07 Jan

In the past, looking after Afro hair meant nothing more than washing it every now and again, normally at the weekend, when the hairstyle needed to be redone. This was usually an all-day event. The hair would be shampooed, conditioned and dried and the scalp greased before the hairstyle was redone. This means that we have always viewed looking after our hair as being nothing more than washing it every now and again. 

Today the situation is similar, where our hair will only be cared for when we want to get it restyled. For example, if a person wears their hair in braids, it’s likely to only get washed and cared for once every two or three months when the braids are taken out. This means you put the styling wants before the health needs of your hair.  

But if you really want to enjoy the benefits of healthy hair, looking after your hair can’t just be a one-off event. It needs to become a regular part of your week. This doesn’t mean you will be spending all of your time doing your hair (in fact, I believe that the best hair care regimes are simple ones), but it does mean that you will need to do a bit more than just giving your hair a wash every now and then.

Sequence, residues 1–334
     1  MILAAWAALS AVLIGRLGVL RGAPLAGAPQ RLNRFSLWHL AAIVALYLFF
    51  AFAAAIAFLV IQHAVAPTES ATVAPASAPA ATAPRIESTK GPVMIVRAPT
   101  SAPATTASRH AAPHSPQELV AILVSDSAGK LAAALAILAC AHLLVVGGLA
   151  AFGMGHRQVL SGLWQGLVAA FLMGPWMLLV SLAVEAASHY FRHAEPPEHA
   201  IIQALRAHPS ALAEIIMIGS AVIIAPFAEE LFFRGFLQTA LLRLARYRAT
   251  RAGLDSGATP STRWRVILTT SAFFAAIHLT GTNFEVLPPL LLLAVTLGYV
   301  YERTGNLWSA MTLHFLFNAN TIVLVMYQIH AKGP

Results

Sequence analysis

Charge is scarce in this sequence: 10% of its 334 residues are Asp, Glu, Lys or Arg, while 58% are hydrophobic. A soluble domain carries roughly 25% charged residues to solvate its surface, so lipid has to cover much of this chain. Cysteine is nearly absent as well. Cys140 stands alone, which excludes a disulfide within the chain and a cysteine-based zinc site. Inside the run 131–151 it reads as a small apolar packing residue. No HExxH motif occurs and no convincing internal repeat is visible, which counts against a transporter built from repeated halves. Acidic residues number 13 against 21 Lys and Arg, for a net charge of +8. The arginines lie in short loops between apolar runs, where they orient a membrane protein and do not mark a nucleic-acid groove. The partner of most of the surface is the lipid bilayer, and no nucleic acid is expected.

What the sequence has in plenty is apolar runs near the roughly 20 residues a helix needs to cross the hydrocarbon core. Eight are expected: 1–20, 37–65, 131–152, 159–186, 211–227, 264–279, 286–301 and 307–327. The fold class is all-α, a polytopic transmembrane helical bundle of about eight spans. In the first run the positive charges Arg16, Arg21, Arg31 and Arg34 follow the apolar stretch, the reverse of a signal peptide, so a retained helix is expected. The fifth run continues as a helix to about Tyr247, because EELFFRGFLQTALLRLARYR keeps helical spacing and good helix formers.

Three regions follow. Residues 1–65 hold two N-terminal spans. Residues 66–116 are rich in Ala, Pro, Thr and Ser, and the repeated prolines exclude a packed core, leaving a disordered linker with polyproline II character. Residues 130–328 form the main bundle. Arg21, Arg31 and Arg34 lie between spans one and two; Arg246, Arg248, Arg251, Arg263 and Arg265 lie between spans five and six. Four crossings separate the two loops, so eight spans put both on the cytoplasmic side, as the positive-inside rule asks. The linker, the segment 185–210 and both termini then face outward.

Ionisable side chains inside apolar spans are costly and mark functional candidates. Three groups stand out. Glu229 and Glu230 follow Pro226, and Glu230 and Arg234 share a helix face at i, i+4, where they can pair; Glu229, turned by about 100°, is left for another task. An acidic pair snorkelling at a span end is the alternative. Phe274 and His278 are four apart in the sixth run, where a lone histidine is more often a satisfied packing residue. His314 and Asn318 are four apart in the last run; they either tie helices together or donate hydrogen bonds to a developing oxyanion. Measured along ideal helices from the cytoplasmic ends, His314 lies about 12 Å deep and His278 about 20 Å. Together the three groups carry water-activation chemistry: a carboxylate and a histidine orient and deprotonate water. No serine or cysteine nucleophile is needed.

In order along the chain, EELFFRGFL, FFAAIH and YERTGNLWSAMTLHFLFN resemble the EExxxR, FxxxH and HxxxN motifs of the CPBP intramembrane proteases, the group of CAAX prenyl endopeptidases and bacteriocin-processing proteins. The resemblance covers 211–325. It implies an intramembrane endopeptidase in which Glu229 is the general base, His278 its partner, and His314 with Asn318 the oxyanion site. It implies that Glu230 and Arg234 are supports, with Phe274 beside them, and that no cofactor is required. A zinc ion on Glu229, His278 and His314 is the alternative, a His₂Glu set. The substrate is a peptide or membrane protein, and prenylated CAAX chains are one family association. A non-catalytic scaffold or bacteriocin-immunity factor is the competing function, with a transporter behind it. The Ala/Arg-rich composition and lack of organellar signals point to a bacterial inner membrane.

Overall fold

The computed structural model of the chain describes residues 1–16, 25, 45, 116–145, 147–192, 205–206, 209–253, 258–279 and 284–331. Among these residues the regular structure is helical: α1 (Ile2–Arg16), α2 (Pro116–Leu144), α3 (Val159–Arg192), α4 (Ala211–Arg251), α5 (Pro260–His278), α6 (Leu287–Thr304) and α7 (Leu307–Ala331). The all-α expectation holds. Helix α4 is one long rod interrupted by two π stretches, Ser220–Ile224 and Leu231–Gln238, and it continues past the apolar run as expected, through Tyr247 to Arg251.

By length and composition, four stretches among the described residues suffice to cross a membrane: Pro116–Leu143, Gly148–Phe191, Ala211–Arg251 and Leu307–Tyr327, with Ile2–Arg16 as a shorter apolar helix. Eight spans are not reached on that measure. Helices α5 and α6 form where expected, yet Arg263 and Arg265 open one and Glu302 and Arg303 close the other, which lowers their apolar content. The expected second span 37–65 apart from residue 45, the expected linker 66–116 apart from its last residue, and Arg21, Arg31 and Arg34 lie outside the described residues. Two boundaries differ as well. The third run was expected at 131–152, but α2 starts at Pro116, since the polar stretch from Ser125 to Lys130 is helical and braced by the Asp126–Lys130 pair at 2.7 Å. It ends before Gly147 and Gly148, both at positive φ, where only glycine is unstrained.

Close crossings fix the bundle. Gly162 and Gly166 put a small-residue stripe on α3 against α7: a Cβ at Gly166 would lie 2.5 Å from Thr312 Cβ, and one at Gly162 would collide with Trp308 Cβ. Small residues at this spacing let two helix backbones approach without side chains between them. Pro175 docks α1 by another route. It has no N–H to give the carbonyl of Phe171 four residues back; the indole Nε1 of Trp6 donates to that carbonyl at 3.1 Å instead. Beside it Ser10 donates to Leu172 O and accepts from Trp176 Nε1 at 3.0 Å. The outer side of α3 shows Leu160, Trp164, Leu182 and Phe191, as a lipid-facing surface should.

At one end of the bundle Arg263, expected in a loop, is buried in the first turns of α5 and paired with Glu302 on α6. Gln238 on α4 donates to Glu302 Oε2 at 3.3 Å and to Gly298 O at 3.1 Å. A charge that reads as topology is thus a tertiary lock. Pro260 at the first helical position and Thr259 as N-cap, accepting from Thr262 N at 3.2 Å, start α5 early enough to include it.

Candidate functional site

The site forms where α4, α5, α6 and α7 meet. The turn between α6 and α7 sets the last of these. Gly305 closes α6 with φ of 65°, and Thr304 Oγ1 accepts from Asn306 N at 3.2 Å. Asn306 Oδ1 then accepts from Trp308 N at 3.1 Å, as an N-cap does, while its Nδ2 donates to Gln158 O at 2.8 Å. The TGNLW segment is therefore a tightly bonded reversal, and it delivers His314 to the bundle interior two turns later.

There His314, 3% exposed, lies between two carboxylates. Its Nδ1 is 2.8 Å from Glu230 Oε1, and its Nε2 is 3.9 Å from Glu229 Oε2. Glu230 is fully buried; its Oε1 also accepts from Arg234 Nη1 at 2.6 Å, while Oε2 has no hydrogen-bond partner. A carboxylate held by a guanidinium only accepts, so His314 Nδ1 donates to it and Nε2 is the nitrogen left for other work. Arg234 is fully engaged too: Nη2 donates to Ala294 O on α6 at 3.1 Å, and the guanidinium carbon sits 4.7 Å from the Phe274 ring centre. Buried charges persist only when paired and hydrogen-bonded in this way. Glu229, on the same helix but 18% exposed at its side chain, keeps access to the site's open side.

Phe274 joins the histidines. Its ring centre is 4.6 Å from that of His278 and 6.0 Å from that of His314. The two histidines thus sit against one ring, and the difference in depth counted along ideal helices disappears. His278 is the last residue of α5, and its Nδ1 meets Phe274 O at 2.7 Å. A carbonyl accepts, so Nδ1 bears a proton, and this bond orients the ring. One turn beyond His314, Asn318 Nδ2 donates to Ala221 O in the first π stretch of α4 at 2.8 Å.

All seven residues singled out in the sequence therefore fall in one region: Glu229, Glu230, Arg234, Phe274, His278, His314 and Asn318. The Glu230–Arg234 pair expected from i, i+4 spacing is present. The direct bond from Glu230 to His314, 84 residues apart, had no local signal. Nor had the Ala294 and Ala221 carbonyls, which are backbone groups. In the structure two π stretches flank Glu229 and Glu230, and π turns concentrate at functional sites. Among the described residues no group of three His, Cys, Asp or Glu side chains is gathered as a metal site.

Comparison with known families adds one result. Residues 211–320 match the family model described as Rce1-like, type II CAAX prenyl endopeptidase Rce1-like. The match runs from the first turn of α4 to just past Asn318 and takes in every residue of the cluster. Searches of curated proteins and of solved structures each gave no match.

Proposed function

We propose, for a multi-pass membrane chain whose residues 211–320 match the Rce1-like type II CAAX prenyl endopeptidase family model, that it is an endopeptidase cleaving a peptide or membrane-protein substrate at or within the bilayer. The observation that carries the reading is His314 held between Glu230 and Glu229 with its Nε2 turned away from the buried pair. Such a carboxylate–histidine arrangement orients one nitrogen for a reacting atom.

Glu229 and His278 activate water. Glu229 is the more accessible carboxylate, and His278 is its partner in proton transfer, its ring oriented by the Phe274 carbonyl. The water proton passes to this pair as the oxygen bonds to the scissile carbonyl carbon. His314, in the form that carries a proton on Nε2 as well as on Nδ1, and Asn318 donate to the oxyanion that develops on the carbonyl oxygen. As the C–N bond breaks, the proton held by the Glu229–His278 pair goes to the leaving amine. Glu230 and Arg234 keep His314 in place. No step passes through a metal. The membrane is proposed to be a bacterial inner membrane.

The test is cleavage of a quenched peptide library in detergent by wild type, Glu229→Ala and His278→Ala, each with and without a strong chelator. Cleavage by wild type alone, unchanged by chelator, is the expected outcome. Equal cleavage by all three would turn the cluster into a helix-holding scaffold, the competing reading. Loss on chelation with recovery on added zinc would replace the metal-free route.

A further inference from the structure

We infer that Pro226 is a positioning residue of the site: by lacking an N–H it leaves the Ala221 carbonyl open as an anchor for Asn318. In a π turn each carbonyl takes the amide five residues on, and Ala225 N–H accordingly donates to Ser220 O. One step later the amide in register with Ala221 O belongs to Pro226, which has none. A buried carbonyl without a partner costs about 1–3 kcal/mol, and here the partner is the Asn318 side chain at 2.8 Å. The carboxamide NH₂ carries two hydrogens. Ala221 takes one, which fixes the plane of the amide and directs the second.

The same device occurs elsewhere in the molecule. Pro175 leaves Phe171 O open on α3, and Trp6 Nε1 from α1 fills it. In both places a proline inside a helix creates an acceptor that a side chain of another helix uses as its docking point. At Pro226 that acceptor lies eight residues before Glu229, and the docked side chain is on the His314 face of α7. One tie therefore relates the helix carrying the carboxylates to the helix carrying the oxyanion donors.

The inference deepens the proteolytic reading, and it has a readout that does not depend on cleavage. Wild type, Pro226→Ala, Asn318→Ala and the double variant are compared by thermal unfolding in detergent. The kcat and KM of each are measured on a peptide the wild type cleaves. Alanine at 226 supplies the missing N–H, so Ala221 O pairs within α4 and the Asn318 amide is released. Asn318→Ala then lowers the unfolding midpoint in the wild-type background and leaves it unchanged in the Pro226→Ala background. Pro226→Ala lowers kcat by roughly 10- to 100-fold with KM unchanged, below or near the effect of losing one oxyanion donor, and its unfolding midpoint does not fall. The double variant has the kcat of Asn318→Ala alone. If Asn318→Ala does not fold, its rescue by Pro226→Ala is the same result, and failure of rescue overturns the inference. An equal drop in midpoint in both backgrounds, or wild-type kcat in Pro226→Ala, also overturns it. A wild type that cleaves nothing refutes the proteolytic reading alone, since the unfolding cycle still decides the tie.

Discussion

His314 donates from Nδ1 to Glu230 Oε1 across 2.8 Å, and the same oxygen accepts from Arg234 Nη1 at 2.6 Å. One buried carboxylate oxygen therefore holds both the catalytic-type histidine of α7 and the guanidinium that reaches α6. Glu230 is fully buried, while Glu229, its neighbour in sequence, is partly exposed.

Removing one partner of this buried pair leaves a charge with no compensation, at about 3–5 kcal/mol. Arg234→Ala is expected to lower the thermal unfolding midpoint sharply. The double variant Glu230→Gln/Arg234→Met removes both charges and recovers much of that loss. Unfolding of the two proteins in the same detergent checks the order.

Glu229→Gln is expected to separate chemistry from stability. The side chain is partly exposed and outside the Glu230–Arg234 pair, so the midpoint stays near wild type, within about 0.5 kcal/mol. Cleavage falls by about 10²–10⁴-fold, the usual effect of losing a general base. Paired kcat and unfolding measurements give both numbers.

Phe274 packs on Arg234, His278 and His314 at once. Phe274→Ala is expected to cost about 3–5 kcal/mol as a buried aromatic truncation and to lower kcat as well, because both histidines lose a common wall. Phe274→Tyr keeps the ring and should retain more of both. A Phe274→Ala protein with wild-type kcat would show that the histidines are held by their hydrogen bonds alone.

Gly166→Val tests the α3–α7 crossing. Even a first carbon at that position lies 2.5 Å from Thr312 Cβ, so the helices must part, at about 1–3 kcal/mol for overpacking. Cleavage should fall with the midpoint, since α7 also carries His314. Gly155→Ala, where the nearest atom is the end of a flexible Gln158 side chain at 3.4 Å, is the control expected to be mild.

Change Your Mindset 

In order to look after your hair properly, you need to see looking after your hair from a health perspective rather than a styling one. You need to look after your hair to keep it healthy, rather than look after it when it needs restyling. 

Looking after your hair should be viewed on the same level as brushing your teeth, washing your face and cleaning your skin. This means that it is just as important as doing these things. Your hair is a part of your body, and it must be cared for and kept clean just like any other part of your body.  

The Hair Care Cycle 

One of the things that you will need to accept and firmly ingrain in your mind is that looking after your hair is an ongoing cycle of washing on a particular day of the week, and caring for it in between those washes. It is exactly the same as brushing your teeth and washing your skin.  

In the morning, you wash your skin, moisturise it, put your clothes on and begin your day, only to repeat the same process later that evening. 

Another example I like to use is ‘the plate’: you take a plate out of the cupboard, you put food on it, have your meal, and when finished, you wash it, dry it and put it back in the cupboard. You repeat the whole process when you next use it. 

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